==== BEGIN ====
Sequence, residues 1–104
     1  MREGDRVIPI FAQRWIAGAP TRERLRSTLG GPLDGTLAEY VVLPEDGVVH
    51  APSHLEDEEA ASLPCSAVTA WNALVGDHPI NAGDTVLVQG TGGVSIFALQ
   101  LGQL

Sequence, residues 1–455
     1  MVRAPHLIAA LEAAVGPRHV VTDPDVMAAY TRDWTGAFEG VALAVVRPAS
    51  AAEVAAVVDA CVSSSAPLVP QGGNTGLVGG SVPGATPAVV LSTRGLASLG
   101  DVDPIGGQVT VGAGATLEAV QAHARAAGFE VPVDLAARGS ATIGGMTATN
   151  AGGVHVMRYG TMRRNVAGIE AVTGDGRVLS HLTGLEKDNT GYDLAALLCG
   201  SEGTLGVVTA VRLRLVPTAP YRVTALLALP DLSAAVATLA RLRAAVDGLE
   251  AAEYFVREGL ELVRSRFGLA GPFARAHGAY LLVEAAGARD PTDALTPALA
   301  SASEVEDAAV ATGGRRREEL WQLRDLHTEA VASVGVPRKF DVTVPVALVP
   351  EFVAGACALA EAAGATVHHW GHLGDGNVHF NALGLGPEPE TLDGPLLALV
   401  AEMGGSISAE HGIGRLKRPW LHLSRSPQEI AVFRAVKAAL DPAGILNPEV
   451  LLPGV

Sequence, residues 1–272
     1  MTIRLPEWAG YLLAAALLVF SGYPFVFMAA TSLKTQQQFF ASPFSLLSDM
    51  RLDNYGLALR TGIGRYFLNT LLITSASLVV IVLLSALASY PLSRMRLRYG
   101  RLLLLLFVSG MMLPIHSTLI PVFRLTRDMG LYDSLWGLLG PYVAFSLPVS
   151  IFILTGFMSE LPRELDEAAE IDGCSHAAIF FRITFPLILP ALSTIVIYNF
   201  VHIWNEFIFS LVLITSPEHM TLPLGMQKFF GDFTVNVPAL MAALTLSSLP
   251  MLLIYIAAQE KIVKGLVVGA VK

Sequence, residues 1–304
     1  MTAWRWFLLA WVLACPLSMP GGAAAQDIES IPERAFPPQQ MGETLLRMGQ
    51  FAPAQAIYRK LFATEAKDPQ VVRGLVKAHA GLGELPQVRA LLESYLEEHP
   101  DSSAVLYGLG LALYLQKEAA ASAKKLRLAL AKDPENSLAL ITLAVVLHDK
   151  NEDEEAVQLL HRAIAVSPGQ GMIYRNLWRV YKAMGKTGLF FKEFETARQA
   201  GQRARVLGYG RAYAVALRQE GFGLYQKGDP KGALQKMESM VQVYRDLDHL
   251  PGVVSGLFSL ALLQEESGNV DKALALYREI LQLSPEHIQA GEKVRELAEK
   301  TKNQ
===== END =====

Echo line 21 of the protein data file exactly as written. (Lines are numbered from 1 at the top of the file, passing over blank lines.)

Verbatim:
   201  VHIWNEFIFS LVLITSPEHM TLPLGMQKFF GDFTVNVPAL MAALTLSSLP